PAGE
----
Extraordinary Christmas traditions

Anna Oposa

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Christmas doesn't have to be the same every year

MANILA, Philippines – For most Filipinos, Noche Buena and Christmas Day are spent going to mass and having lavish meals with both sides of the family. 

But some families and groups of friends think out of the Christmas box. 

1) ‘Tara na, biyahe tayo’

Every 25th of December, my family goes to a place in the Philippines we’ve never been to.

The last decade saw us visit Batanes, Banaue, Bohol, Palawan, Davao, Cagayan de Oro and Camiguin, among others. My parents don’t necessarily splurge on these trips; we’ve gone as close to our home such as Corregidor and Pagsanjan Falls.

My parents started this tradition because they believe that their 4 kids should get to know and fall in love with their own country before exploring other countries.

We always leave on Christmas Day because not a lot of people travel on the 25th, and we fly back home on the 29th, right before Rizal Day, which is when most people decide to go home. 

2) Serving the servers

For Noche Buena, Maria Madara, 23, expands her definition of family — it extends beyond her immediate relatives. 

“Instead of having the household helpers serve us, we serve them. They sit at our dining table and eat a feast,” she shares.

“Once midnight strikes, we have different games for them to play, with lots of prizes.” 

Maria continues, “We play relay games or make them go on a scavenger hunt after we hide prizes at the bottom of the pool. The most popular game is called White Elephant, where they get to choose presents and steal presents from each other.”

3) Santa mom

“Up until I was 18, my mom made my sisters and I (they were 22 and 20 years old then), write letters to Santa,” says Eena Fortun, now 20.

Today, Eena’s mom no longer asks them to write letters, but she still hands them gifts saying they came from Santa.

“I think my mom misses having little children because we’re so big now,” Eana muses.

“We play along even if we don’t believe in Santa anymore.”

4) Love ko ‘to (kahit Pasko!)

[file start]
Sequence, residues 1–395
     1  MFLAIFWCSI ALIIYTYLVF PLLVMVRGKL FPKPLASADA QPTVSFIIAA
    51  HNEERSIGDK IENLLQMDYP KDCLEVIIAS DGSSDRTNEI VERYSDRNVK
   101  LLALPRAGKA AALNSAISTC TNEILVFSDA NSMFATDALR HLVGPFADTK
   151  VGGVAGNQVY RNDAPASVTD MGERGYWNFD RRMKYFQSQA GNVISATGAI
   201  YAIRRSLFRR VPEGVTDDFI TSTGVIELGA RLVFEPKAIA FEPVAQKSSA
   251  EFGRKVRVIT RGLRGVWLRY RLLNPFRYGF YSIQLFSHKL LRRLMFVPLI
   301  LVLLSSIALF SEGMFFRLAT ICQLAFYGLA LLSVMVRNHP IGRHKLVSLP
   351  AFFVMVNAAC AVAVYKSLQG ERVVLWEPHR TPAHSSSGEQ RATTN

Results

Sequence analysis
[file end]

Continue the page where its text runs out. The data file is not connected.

When Vicky Cervantes, 26, was in high school, she and her family accidentally spent a Noche Buena in McDonald’s.

“All restaurants were closed, so we ended up going to McDo,” she explains. “Since then, we’ve been ordering McDonald’s on the 24th — and I’m in med school already!”

5) Friends are the family you choose

Stella Shaw, an entrepreneur, started celebrating Christmas Day with her high school barkada when they realized that all their families didn’t have traditional Christmas Day dinners. 

“When we were in 4th year high school, we were all texting each other on Christmas Day, saying we were bored,” she recalls. “They came over to my house with leftovers from their Noche Buena parties. We ate from the containers they brought the food in at our small balcony.” 

She says that her barkada has grown since then to accommodate girlfriends, boyfriends and college friends.

“But we still eat in our tiny balcony on Christmas Day,” she tells Rappler.

Likko Tiongson and his friends from Silliman University exchange gifts that are “old, special or sentimental.” 

In their Christmas gatherings, they each bring something that defines who they are, something not necessarily new.

“One of my friends brought her Philippine Archery Team jacket that she had during the Doha Asian Games; another brought a rare Japanese beer bottle he got when he lived in Japan. One friend brought her trademark belt to give away,”  shares Likko.

“Everyone knew her because of that colorful belt, but she willingly gave it away.”

They would put the items on a table, count to 10 and grab what they want. 

“It’s hard to part with something special, but knowing that it now belongs to someone special who wants it more brings a whole new meaning to your friendship.” – Rappler.com


What about you and your family and friends? How do you celebrate your Christmas?

Tell us by sending your story and photos with subject heading RAPPLER CHRISTMAS to desk@rappler.com. 

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